Learn how to Play Euchre


Let's start with the basics of the game euchre




Euchre (pronounced 'you-ker') is a trump based card, trick taking card game that has that has been played in the U.S. since the early 1800's. There was a time when it was considered the national card game and is still played in many parts of the country. Although originally played with a deck consisting of 32 cards, today's standard euchre deck utilizes only 24 cards. This is created by removing the 2's through 8's from the standard 52 card deck. This leaves us with the ace through 9 of each suit.


Euchre is a game that is relatively easy to learn. It's an enjoyable game that can be played either socially for pleasure or at very competitive levels. In some parts of the country, there are local and regional euchre tournaments. Most people would agree that the more they play, the more they realize what an intriguing and challenging game euchre can be.


Euchre is played with four people in teams of 2 each, sitting crosswise. There are also variations of euchre for 2 or 3 people. These variations are covered in other sections of this website. The object of the game is to be the first team to score 10 points. The game is started by selecting one player to be the dealer. This is normality determined by dealing out the cards face up, clockwise until one player receives a jack. In some circles, it's the first black jack. The dealer shuffles cards and offers the player on his right the opportunity to cut the cards. Next, the dealer deals out the cards in groups of 2's and 3's. This is done until each player has 5 cards. Once the deal is complete there should be 4 cards left. It is always advisable to check this count, thus assuring the cards were dealt correctly. These last four cards are called 'the kitty'. The dealer places the kitty in front of him and turns up the top card. The remaining 3 cards must not be exposed to anyone.


The most important, and confusing, aspects of learning euchre is understanding the rank of the cards. It differs from most trump based card games in that some of the cards change rank depending on what suit is named trump. This may seem complicated at first. However, it doesn't take long for new players to figure out this new system.


Let's start by explaining how trump is ranked. First, trump suit is the most powerful suit and it will outrank any other suit. Below we show the ranking starting with the most powerful card. For this example, we will assume that spades is trump.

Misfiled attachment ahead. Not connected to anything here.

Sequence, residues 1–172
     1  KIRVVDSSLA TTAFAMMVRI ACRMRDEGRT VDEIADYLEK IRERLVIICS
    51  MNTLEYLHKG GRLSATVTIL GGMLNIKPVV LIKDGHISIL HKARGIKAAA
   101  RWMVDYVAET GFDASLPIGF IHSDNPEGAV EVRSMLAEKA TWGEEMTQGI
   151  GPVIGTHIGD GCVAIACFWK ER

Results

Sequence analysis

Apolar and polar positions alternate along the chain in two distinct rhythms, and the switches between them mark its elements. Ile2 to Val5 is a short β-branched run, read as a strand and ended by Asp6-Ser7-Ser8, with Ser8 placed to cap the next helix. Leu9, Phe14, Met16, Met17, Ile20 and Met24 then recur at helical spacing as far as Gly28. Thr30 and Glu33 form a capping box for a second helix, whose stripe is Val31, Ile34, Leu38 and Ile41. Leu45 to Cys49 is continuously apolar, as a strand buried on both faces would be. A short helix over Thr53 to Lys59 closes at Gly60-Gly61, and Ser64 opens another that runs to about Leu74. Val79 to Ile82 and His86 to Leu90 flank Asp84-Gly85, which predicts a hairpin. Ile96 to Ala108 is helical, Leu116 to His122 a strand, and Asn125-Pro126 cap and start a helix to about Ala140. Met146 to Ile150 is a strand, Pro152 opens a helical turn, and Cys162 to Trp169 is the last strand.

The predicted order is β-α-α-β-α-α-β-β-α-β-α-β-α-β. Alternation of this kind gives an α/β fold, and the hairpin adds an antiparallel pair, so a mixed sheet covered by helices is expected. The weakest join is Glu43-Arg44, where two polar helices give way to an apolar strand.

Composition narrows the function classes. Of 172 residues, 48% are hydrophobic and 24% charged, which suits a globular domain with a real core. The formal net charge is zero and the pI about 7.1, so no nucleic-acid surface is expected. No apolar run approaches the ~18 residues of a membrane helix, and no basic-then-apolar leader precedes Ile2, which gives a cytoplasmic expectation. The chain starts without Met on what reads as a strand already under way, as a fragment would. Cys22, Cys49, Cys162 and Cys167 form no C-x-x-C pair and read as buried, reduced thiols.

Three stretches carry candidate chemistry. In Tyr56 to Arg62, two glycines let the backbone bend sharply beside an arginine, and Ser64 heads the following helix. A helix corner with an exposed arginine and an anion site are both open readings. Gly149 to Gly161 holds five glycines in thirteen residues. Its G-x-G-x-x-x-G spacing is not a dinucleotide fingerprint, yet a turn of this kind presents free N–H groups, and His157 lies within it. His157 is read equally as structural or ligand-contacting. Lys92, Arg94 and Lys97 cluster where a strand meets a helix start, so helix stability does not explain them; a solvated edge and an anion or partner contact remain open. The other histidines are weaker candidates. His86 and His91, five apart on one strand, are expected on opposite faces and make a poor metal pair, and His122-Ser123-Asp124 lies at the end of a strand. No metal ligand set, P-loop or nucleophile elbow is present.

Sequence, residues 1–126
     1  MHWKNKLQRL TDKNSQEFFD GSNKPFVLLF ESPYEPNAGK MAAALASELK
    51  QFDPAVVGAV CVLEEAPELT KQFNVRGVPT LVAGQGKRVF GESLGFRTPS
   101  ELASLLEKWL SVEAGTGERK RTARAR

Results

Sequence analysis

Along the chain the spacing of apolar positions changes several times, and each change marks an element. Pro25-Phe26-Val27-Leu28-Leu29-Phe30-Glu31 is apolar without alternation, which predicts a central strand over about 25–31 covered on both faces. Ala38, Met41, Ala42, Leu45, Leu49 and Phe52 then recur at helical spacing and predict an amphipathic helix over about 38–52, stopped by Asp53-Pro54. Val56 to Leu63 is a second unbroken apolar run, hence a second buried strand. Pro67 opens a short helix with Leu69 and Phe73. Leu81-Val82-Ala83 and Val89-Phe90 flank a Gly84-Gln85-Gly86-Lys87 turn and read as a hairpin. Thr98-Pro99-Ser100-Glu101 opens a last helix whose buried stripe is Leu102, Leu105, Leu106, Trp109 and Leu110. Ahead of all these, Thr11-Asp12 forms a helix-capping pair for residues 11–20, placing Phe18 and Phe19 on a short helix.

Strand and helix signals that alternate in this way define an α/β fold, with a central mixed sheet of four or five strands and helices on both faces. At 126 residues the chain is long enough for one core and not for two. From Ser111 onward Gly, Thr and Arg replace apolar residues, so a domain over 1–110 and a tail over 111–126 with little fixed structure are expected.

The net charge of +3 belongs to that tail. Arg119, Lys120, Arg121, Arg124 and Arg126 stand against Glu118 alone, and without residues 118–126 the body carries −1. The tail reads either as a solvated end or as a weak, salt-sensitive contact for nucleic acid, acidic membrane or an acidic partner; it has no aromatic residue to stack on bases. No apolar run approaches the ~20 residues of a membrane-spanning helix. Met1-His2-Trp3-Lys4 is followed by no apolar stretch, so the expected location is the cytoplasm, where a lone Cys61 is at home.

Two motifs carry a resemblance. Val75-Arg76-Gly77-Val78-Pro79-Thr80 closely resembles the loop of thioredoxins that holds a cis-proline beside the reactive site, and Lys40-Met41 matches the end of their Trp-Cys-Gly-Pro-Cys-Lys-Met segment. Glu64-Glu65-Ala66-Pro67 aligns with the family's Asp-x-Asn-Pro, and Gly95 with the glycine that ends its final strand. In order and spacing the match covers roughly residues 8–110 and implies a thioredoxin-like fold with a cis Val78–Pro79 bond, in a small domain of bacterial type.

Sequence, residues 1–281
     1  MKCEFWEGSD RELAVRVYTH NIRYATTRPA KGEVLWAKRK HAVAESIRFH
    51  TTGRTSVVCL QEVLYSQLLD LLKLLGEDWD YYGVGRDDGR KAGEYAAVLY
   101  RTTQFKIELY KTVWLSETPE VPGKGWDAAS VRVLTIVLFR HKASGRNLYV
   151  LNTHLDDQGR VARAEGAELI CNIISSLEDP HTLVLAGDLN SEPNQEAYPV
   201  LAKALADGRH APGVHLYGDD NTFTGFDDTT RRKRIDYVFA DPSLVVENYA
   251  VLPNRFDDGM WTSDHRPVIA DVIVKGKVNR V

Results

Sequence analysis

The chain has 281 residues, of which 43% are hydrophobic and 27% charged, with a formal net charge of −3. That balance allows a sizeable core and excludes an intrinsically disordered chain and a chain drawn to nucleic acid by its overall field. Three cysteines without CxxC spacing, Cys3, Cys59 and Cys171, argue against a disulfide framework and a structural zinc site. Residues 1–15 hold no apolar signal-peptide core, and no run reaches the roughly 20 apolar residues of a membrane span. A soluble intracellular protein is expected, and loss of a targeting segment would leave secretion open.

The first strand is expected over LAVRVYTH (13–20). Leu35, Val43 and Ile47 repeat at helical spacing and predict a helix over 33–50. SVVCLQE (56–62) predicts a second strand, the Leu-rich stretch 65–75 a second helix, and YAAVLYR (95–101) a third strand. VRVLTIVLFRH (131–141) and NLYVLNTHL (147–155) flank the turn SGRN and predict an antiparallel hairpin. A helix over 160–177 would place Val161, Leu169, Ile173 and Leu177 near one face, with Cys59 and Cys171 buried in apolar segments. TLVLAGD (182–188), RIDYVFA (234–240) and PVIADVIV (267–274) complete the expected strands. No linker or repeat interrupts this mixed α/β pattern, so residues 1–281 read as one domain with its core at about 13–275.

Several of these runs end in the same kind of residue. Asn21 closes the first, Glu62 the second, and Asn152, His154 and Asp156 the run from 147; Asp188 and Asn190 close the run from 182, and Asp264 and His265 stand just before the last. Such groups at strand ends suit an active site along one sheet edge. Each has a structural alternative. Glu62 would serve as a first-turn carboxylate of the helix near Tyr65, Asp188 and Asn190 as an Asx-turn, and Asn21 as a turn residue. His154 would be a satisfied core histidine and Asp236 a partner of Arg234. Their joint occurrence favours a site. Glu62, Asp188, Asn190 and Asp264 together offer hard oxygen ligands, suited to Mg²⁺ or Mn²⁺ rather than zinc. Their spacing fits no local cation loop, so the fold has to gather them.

Right Bower

The right bower is the jack of trump and is the highest ranked trump






Left Bower

The second highest is the left bower. It is the other jack of the same color, so with spades named trump then left bower is the jack of clubs.




Ace of Trump

The Ace is the third highest and is outranked by the two bowers






King of Trump

The King is next in rank






Queen of Trump

Next comes the Queen






10 of Trump

Then the 10






9 of trump


The nine is the lowest trump, but it still outranks all the cards in the other suits





The other suit that is the same color as trump is ranked
A,  K,  Q,  10,  9

* It is important to note that the jack is missing from this set. This is because the jack is temporarily a member of the trump suit. The fact that there are only 5 cards is worth remembering as the risk of this suit being trumped is significantly increased.



The suits of the opposite color from trump are ranked
A,  K,  Q,  J,  10,  9



How to name trump:


After the cards have been dealt and a card turned up, the naming of trump begins. We start with the first player to the immediate left of the dealer. They will have the opportunity to name trump by ordering the dealer to pick up the turned card. They may also pass, offering the naming of trump to the next player. If a player decides to order up the card, they are naming the suit of that card as trump. Once a card has been ordered up, the dealer picks the top card from the kitty. The card is then placed in his hand. He must now discard one card, leaving him with a total of five. If everyone passes including the dealer, then the exposed card is turned face down.